House Republicans intend to make their 2,917th futile attempt to repeal Obamacare this week. Why try again when they know it will ultimately fail like all the other attempts? Speaker John Boehner has a unique excuse: he said the new members of the 113th Congress haven't had a chance to vote on it yet.
There's a lot more they haven't voted on yet, either. There's the declaration of war against Japan after Pearl Harbor, repeal of prohibition and JFK's decision to send a man to the moon, as Stephen Colbert pointed out. No doubt this vote – actually the 37th futile repeal attempt – won't be the last. But for heaven's sake, don't let those guys vote on the 1964 Civil Rights Act or ratification of the First Amendment to the Constitution. That would be frightening.
Boehner also has a tendency to demand votes and then change his mind when they might go against him. Case in point is the federal budget. The House passed their version and excoriated the Senate Democrats for not passing a budget and going to conference to resolve the differences. Senate Majority Leader Harry Reid (D-Nevada) called Boehner's bluff and passed a budget bill and called for a conference meeting; Boehner refused and Senate Republicans blocked it on their end.
Why do something that might be relevant when you can repeal Obamacare over and over again without bothering to wait for Groundhog Day or do something serious like taking up legislation that actually has a chance of becoming law?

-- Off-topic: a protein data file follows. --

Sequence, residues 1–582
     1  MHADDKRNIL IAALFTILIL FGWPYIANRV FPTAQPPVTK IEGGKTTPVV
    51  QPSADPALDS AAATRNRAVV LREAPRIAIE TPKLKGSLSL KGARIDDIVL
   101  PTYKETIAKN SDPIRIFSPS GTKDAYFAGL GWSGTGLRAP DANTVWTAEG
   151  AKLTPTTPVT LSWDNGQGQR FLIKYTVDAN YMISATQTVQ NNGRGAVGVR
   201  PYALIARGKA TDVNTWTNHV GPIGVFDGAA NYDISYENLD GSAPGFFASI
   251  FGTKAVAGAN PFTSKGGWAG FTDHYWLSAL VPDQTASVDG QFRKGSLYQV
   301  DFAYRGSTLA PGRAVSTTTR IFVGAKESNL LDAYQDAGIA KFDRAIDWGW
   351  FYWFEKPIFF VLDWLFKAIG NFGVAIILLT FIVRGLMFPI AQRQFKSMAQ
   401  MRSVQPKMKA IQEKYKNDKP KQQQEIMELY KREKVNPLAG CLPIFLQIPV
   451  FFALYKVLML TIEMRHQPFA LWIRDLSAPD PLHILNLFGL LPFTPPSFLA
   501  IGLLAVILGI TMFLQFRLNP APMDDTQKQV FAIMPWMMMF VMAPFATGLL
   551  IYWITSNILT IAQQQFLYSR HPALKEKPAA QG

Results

Those taxpayers who complain about wasteful government spending should ask Boehner & Co. why they're spending so much time and so many millions of their tax dollars on this charade while blocking needed legislation.
The "Just Say No" party talked a lot about immigration reform after an overwhelming loss of Hispanic votes last fall, but with legislation now on the table and some bipartisan backing, they're stalling and looking for excuses to block the bill and avoid blame. They blocked gun safety legislation in lockstep with the NRA although 90 percent of the American public supported expanded background cheks. Like their fealty to the gun industry their fierce loyalty to the insurance companies is a driving force in their opposition to the Affordable Care Act.
And they show what they think of the ordinary Americans they claim to speak for by blocking a budget deal that combines spending cuts and tax increases for their fat cat patrons. But I understand where they're coming from. The poor don't vote Republican and, at this rate, never will, so why bother?
And they wonder why they're held in such low esteem by the American public, not just Congress in general but Republicans in particular. The most recent Washington Post-ABC news poll shows seven out of 10 Americans feel the GOP is out of touch with the concerns "of most people" in the country, reported the Post.
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